“The world is a book, and those who do not travel read only one page.” — St. Augustine
Immersion into cultures and education systems outside the U.S. leaves a powerful and lasting impact on future teachers. Last month, 20 education students participated in one of the college’s several study abroad programs by visiting the University of Brighton’s Falmer campus in England.
During the four-week program, students studied England’s educational system at Brighton with one of its University’s instructors.
Outside the classroom, students experienced the country through scheduled trips to the Roman Baths, Stonehenge, Oxford, Stratford-upon-Avon, London, Warwick and Bodiam Castles, and cliffs on the English Channel.
The program also allotted time for students to experience the sights, sounds, and culture of England on their own. Senior special education major Maddi Euhus and several of her classmates took one night to attend Her Majesty’s Theatre in London to see The Phantom of the Opera.
While the intrigue of their new surroundings often left students wide-eyed, their education on teaching and learning in England presented them with new ways of thinking.
“Participating in the education process in a different country allows you to gain a new perspective on education and learn about that country’s best educational practices,” said Euhus. “The program gave me a chance to experience first-hand the successes that our instructor had using her methodologies.”
Among the most prominent differences Euhus noticed of education in England was the emphasis and approach to teaching drama in schools.
“Drama is an important part of the English culture,” said Euhus. “Our course showed us how to use dramatic exercises in the classroom to help students really grasp the concepts, have a sense of co-authorship with texts, and have a high level of engagement in the lessons.”
Euhus said the instructor challenged Illinois State students to expand their understanding of the dramas they studied. Students were forced out of their comfort zone by actively completing a series of activities with one another (most of whom were strangers before the trip) to take on the role of characters and create parts of the story that the author did not write.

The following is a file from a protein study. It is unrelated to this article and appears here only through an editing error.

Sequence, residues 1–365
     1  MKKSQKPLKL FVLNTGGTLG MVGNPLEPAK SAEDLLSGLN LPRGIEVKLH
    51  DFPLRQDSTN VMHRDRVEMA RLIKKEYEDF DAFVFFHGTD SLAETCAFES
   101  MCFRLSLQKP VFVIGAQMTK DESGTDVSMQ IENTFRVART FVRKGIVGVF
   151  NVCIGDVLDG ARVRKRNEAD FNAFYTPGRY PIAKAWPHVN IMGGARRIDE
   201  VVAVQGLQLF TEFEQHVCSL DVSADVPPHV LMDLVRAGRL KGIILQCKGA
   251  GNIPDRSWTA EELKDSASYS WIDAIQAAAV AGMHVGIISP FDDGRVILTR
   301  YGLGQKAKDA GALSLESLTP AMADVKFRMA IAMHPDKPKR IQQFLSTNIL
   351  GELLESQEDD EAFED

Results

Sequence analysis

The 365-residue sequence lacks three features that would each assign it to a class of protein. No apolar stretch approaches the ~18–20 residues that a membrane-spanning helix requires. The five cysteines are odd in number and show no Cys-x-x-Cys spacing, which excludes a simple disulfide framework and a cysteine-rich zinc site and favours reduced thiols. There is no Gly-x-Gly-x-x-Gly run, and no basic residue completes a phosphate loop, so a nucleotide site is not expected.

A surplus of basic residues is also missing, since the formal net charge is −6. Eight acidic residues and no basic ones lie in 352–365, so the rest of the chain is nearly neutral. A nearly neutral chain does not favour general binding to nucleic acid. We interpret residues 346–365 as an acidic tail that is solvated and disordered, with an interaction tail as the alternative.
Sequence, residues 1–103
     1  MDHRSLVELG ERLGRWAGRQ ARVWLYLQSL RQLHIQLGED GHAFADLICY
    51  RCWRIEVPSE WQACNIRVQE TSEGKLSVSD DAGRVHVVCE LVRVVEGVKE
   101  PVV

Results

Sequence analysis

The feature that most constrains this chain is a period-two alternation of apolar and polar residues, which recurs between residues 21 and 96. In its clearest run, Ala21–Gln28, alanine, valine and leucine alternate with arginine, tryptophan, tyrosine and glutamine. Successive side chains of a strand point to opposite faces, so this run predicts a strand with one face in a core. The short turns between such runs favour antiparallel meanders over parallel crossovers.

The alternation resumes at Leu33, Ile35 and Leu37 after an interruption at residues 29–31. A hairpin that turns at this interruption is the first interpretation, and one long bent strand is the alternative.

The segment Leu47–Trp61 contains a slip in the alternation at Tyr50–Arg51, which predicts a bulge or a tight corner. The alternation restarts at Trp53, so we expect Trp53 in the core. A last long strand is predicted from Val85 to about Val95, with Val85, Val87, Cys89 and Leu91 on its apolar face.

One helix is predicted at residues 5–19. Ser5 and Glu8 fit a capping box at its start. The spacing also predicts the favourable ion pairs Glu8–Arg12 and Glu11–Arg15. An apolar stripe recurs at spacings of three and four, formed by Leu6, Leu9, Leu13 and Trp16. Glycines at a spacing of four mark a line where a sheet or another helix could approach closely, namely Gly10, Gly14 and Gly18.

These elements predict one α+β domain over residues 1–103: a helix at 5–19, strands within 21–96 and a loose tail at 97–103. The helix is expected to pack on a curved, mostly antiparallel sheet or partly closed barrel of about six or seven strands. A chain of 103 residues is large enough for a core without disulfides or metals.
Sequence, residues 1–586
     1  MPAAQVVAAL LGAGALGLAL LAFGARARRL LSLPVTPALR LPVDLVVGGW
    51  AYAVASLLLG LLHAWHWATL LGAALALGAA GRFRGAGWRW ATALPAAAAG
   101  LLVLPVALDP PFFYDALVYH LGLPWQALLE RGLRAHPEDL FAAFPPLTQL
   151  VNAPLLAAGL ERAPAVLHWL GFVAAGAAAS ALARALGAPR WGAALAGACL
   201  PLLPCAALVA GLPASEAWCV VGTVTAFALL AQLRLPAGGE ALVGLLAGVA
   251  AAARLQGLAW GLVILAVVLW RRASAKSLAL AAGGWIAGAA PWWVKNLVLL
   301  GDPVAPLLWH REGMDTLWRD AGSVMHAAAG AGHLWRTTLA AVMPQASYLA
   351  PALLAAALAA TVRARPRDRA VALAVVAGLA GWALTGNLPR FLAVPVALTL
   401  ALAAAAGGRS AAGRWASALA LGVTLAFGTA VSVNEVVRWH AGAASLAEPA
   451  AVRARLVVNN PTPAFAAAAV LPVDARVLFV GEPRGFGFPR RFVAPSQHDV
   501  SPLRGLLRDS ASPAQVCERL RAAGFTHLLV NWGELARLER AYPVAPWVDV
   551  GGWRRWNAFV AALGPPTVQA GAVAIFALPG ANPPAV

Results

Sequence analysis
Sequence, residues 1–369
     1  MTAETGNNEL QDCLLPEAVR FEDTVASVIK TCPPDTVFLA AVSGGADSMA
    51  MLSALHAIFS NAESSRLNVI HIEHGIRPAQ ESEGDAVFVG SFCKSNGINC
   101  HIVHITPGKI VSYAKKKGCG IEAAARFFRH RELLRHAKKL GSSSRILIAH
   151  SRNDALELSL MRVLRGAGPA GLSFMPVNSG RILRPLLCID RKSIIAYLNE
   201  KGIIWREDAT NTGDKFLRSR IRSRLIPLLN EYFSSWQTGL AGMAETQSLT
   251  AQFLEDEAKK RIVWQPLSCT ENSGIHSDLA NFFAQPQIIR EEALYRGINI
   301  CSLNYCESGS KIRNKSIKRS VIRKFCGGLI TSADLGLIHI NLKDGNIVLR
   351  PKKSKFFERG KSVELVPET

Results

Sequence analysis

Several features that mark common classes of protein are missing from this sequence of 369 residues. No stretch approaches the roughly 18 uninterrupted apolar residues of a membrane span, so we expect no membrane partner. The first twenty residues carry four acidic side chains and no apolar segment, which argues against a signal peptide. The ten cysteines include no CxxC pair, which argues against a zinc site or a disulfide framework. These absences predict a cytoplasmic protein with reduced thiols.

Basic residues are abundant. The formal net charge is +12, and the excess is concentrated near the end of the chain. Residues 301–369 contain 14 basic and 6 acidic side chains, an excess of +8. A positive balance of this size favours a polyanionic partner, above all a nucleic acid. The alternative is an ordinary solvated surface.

“Drama activities such as these were never used in my elementary or secondary classes, so I felt unprepared and unskilled,” said Euhus. “But by the end of the program, these approaches became natural, and I value their contribution to student learning.”
As she begins student teaching at Illinois State, Euhus believes the lessons she learned overseas were invaluable to preparing her for her future students.
“As a special education major, it is very important for me to use multiple means of expression and engagement to educate my diverse population of students, said Euhus.
“This program introduced me to such strategies, and I feel confident in my ability to use them in my classroom.”
For current and prospective students considering a program such as Brighton University, Euhus provides a convincing argument.
“Not only do you receive the benefit of taking a class overseas, but you also are able to see the tourist sights and be immersed in the English culture. There were so many times where I just smiled and thought, ‘Wow, how lucky am I to be in England with such an amazing group of people?’”